There are numerous clinical trials ongoing exploring the role of checkpoint inhibitors both as single agents and in combination, administered with established modalities such as chemotherapy and radiotherapy, as well as alongside other novel immune modulators. These trials are not limited to advanced/ metastatic HNSCC, but also explore neoadjuvant or adjuvant settings. As studies complete and more data become available, immunotherapy agents are likely to have expanding roles within the treatment algorithms of HNSCC, and with greater biomarker development have the potential to further improve patient outcomes via a personalized therapy approach.
Management of laryngeal dysplasia often poses a clinical conundrum, especially so with its unpredictable propensity for malignant transformation. The wide heterogeneity in published results and the dearth of level I evidence makes it challenging to arrive at a consensus or best practice guidelines. In 2010, ENT UK had developed such a guideline based on critical analysis of previously published data and professional opinion. This article examines the available evidence, and attempts to highlight the best possible modalities in investigation and management strategies as objectively as possible.
How to cite this article:
Butterworth CJ. Immediately Loaded Zygomatic Implant Retained Maxillary Obturator used in the Management of a Patient following Total Maxillectomy. Int J Head Neck Surg 2018; 9 (2):94-100.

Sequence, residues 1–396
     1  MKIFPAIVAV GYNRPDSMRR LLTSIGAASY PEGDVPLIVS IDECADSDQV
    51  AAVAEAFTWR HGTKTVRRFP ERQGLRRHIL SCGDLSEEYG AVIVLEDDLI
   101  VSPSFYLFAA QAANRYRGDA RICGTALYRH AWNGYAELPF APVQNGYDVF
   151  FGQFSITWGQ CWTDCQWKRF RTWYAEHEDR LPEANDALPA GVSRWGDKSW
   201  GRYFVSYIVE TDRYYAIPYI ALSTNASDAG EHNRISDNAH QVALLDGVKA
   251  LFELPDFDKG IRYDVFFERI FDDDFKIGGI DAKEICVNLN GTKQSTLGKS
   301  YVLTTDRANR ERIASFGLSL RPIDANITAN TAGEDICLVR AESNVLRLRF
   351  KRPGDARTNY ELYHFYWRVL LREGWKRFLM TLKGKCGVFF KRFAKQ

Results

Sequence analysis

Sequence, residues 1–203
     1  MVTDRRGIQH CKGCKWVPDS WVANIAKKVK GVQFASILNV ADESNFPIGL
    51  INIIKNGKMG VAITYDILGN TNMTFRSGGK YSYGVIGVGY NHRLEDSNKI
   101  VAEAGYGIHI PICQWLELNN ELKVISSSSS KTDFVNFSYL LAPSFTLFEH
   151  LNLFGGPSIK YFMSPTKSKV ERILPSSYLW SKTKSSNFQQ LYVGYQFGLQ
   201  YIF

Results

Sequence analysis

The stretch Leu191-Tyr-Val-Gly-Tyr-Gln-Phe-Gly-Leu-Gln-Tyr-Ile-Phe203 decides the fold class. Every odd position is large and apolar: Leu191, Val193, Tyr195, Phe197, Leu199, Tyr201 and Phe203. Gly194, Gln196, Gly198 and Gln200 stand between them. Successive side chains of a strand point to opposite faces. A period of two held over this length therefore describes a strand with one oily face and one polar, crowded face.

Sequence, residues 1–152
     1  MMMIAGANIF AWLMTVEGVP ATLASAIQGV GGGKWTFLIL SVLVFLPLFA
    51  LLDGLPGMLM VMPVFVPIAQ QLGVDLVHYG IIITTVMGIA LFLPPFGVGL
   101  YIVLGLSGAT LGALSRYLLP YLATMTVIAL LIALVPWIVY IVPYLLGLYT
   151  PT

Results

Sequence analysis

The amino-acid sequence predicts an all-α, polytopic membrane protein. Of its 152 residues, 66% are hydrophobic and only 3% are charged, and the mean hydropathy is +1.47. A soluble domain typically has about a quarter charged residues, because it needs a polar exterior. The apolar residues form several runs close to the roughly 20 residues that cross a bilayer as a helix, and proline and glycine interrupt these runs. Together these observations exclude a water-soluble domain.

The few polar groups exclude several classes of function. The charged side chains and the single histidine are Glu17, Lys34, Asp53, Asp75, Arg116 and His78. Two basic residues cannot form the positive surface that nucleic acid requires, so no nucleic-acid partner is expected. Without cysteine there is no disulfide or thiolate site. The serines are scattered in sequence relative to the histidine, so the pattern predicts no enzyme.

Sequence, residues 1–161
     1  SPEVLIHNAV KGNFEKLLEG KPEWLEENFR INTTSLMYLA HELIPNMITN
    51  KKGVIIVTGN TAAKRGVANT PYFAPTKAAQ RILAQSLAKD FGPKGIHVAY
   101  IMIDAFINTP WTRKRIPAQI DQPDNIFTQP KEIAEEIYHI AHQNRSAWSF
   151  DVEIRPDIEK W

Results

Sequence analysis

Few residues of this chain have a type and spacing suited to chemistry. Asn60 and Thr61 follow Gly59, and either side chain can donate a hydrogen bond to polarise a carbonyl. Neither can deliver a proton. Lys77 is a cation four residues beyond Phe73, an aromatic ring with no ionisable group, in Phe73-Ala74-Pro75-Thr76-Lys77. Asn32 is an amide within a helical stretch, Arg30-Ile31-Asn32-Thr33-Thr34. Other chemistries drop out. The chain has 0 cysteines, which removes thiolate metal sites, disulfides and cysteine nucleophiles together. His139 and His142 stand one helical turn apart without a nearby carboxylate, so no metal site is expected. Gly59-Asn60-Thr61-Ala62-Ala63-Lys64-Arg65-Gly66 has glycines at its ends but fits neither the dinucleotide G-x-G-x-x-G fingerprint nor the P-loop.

Aim: This study aimed to report on the use of specialized zygomatic oncology osseointegrated implants to assist in the management of a patient struggling to cope with a large maxillary obturator prosthesis following a low-level total maxillectomy.
Background: Maxillary obturator prostheses are commonly used in the rehabilitation of patients following maxillary resection. Whilst these prostheses can be retained adequately with remaining maxillary teeth and/or implants, as the horizontal component of the resection increases, the retention, and support of the obturator are increasingly difficult to manage.
Case description: A 72-year-old female patient was referred with problems tolerating a large removable maxillary obturator prosthesis, following total maxillectomy three years previously. Despite successful disease control without the need for adjuvant therapy, the patient functioned poorly with the obturator prosthesis which was poorly retained and supported by the large defect. In addition, the movement of the obturator resulted in soreness and ulceration, and she relied on the heavy use of denture fixative to assist in the wearing of the obturator prosthesis. Following a radiographic investigation, four zygomatic oncology osseointegrated implants were placed into the residual zygomatic bodies and within a week were used to provide much-improved support and retention for the large obturator prosthesis, resulting in successful amelioration of the patient\'s pre-existing difficulties.
Conclusion: The use of specialized remotely-anchored osseointegrated zygomatic implants can provide a means of effective support and retention for large prosthetic obturators even where the horizontal component of the maxillary resection is large. The density of the zygomatic bone provides excellent initial stability for these implants which can be used immediately to support
Clinical significance: The use of zygomatic oncology implants provides an improved means of retaining and supporting maxillary obturator prostheses where these are required following partial or total maxillary resection.